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Before the dough is form to make the ‘Suin Poon Tzi’ (算盘子), Yam is cooked to a consistency that allows it to be mash up like when one make mash potato.

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After the Yam is cooked to the required consistency, it is roughly mashed and then combined with tapioca flour to form the dough base which will be knead, cut and rolled to shape.

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Before the Yam cools down, the Yam and Tapioca flour mixture is traditionally hand kneaded until it forms the firm dough.

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After the Yam dough is finally formed, it is then divided into smaller section to work with. The smaller section are rolled into a strand which then cut to size and form into the shape of a abacus bead, which round in shape.

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Next, a small puncture or stamp is made with chopstick in the middle of each formed abacus bead. This the part which differentiates the product produced by this new comer to the F&B industry from the common abacus beads suppliers in the market. And it is because of the near authenticity that we were greatly interested to document and introduce this budding entrepreneur that met through our acquaintance in KL.

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After the abacus beads were ready formed and mark with the distinctive nod in the centre, it is then moved to the cooking pot or wok in this case to be thoroughly cooked with just simple clean boiling water, and then blenched in cold or running water to give it that springy and chewy texture.

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The end product is the drained and is ready to be stir fry with you choice ingredients.

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This is our second visits. You will never notice this place if you do not familiar with this area. Lucikly my Sister n Brother in-law who lived in KL bring us to many good food. What we remember their food was tasty. And that was for supper meal.

But ends up it dissapoint us because of their Peak Dinner Hour.

Here comes the Bitter gourd stir fried with glass noodle.

Stir evenly…

A very big different from what we had last trip. Last time we had the same bitter gourd glass noodle was pretty delicious and the glass noodle texture was so nice. And this time, noodle color abit lighter and looks dried, lack of moist. The taste doesnt up to expectation, everage only.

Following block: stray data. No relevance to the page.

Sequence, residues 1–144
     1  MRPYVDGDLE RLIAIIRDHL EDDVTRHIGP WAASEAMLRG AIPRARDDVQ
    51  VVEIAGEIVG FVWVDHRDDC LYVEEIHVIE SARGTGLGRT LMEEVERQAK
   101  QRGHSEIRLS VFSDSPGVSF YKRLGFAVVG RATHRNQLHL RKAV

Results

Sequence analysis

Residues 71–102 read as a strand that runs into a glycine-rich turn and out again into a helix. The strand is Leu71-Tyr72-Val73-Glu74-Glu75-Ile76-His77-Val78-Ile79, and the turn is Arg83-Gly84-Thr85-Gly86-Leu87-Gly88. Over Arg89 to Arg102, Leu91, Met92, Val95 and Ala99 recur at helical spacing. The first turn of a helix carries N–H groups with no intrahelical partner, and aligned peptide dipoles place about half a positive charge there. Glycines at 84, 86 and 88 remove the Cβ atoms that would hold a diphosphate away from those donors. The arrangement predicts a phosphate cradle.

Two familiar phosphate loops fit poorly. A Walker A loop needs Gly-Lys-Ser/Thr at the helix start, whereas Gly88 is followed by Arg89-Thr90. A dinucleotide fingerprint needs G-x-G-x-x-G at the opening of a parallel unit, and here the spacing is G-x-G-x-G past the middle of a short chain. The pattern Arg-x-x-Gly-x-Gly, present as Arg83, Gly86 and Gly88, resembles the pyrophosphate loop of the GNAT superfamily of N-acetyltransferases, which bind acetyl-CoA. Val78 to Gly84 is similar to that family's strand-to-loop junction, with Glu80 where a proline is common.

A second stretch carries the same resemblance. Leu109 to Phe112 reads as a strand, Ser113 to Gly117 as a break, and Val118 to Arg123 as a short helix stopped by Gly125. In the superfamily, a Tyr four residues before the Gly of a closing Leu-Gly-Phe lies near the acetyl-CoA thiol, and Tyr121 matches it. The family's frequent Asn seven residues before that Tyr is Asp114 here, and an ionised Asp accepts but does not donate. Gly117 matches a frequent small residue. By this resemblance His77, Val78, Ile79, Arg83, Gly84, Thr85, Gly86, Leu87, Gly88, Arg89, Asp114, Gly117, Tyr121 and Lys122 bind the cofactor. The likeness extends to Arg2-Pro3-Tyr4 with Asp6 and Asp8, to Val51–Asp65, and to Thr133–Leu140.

Lastime Rating: 3.5 / 5
Current Rating: 2.5 / 5

Dai Lok Mee

Did you see the crispy pork lard on top of the noodle?…haha, without the lard aroma, the noodle would go salty if you just take the noodle only.
Rating: 2.5 / 5

Hakka stir frying kuih, dunno how to call in english….haha, can anybody tell me? 客家算盘子in chinese. It was splendid for 1st visit, but not this time. Totally different taste, and even the Kuih texture and yam filling is not right. we were like eating bunch of flour and yam together in the mouth. Feel full very fast, and the mood turns down.

Previous visits has the deep fried crunchy dried shrimp fried with thick aromatic sauce and chewy Kuih, its was delicious and flavourfull.

Probably the golden hour affectted the quality. Well, what i can recommend is, go for supper time, around 10pm onward, should be better i think.

We asked the lady worker why the quality so different from lastime, and she said probably is the peak hour. and she mentioned that the Kuih is done by the owner’s son (kuih used to made by owner), new learner…no wonder the kuih qulity were so bad.

Last time rating: 4 / 5
Current Rating: 2 / 5
Environment: 1.5 / 5 (unpleasent and not clean)

Business Hour: Evening till Late Night
Close on Monday
Contact: 03-79811972 / 016-3355996